There are big spoilers ahead for this opening episode review of The Boys. For those not caught up yet – then avert your gaze. You shall ruin it for yourself. Fair warning. So, here goes. Amazon Prime’s hit superhero show returns for a third season – and things have changed since the last we saw of Billy Butcher and the Boys. A year has passed, and the world feels like a pressure kettle. Beneath the calm and the quiet, there’s a sense that things are about to reach a boiling point.
The episode opens with the premiere of Dawn of the Seven – an Avengers-style blockbuster featuring Vought’s eponymous seven superheroes. The film features a surprise cameo from Charlize Theron who plays lightning-powered Nazi supe Stormfront. After her real-life counterpart was outed as a Nazi in the Season 2 finale, the Dawn of the Seven has undergone extensive rewrites. On the red carpet, the Seven face fearsome paparazzi attention. Homelander (Antony Starr) sells the media a revised Vought-managed speech about Stormfront. A-Train (Jessie Usher) fumbles over questions about his future as a speedster in the Seven.
Maeve looks uneasy around Homelander, and Hughie (Jack Quaid) awkwardly bumps shoulders with Homelander as he publicly walks the red carpet with Starlight (Erin Moriarty). The metaphorical pressure kettle begins to simmer. Butcher (Karl Urban) works for the Federal Bureau of Superhero Affairs and reports to Hughie on problematic supes. In the past year, Butcher has gone straight. That means no violence and no drinking. Of course, it won’t last.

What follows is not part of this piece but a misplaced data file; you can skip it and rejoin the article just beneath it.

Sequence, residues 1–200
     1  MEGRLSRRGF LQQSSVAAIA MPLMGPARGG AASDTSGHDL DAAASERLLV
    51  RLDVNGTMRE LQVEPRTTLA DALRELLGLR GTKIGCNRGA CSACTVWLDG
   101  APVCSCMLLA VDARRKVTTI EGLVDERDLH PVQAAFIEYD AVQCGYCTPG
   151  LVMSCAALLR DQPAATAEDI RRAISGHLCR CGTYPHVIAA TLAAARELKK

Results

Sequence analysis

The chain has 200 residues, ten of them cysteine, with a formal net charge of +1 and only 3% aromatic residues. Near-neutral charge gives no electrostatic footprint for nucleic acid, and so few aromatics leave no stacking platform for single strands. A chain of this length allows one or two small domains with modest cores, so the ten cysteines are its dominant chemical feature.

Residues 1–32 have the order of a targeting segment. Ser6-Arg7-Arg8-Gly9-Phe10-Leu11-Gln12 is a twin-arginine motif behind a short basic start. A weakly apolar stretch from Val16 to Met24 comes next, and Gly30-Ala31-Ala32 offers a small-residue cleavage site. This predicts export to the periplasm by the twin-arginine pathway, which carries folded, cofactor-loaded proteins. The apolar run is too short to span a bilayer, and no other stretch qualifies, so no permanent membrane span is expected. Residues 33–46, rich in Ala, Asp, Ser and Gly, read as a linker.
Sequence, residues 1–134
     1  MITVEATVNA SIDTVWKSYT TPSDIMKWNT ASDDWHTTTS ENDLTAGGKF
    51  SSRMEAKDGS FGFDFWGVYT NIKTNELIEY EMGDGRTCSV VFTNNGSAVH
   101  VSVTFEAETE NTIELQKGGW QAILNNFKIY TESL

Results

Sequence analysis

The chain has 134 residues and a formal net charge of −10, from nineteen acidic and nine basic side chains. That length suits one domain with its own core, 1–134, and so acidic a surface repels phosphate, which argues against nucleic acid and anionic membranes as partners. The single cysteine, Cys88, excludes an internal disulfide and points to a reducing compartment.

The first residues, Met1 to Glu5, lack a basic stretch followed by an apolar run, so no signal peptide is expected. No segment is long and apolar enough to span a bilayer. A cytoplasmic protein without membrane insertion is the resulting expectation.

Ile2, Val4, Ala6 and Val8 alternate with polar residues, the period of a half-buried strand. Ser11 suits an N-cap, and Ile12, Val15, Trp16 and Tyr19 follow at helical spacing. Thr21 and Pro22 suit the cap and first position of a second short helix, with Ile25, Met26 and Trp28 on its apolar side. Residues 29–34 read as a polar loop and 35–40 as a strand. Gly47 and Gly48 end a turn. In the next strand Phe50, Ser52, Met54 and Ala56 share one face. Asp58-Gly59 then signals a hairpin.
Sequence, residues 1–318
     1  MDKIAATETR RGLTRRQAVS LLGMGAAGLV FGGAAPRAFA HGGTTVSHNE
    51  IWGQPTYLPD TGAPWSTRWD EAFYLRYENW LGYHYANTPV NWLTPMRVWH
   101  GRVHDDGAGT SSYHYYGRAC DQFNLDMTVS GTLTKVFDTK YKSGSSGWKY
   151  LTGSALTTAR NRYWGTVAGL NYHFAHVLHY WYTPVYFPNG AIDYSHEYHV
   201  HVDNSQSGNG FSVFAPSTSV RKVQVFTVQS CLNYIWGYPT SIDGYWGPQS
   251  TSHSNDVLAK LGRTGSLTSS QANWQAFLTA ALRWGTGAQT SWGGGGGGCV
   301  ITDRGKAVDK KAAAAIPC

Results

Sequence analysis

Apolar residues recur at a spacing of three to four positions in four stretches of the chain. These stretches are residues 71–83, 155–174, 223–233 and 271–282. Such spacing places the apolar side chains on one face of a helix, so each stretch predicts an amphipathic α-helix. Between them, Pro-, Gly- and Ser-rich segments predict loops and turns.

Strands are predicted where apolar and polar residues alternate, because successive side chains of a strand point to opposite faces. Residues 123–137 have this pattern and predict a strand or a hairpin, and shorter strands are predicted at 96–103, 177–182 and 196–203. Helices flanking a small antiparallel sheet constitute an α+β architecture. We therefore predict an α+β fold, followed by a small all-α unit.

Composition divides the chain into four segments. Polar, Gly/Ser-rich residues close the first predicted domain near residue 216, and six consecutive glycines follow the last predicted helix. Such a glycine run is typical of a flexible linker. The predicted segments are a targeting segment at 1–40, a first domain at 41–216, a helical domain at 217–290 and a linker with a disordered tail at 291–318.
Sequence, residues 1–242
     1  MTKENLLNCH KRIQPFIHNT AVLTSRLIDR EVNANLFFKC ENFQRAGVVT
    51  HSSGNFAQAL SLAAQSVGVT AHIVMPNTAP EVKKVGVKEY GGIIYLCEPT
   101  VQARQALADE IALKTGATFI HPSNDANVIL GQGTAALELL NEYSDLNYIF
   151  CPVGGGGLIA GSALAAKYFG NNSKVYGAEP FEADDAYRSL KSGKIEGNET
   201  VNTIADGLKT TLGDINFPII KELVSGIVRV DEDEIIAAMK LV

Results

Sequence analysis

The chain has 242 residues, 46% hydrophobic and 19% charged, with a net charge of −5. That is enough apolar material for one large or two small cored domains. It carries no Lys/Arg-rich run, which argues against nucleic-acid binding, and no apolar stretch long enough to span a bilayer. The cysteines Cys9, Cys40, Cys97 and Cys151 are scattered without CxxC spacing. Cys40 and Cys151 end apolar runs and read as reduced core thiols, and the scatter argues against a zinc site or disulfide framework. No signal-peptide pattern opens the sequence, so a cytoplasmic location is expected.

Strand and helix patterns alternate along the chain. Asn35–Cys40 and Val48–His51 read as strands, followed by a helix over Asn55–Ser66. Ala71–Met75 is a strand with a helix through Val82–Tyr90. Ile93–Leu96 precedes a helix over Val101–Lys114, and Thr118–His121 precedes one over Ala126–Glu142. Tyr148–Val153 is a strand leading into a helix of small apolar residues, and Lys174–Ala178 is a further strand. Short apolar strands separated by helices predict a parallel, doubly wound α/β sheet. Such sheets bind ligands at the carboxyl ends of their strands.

Butcher comes close to killing a supe with the ability to shrink following a violent incident at a downtown sex club, opting instead to call in the Bureau. The supe, who goes by the name of Termite, is later acquired for an endorsement with Vought – in exchange for three B-lister supes – Stacker, Airburst, and Cold Snap. Despite Hughie’s good intentions in fighting the supes the right way, Butcher is out of his element.
He’s displeased by the absence of MM and Hughie, and a conversation with Homelander later in the episode illustrates their desires to resume their fight with shock and awe, blood and bone. It won’t be long before said pressure kettle begins whistling. In the year since the Stormfront controversy, Homelander is a more restrained figure. Fair to say, he’s making people uneasy. His son Ryan is under the protection of the CIA, and Stormfront (Aya Cash) clings to life in a Vought facility.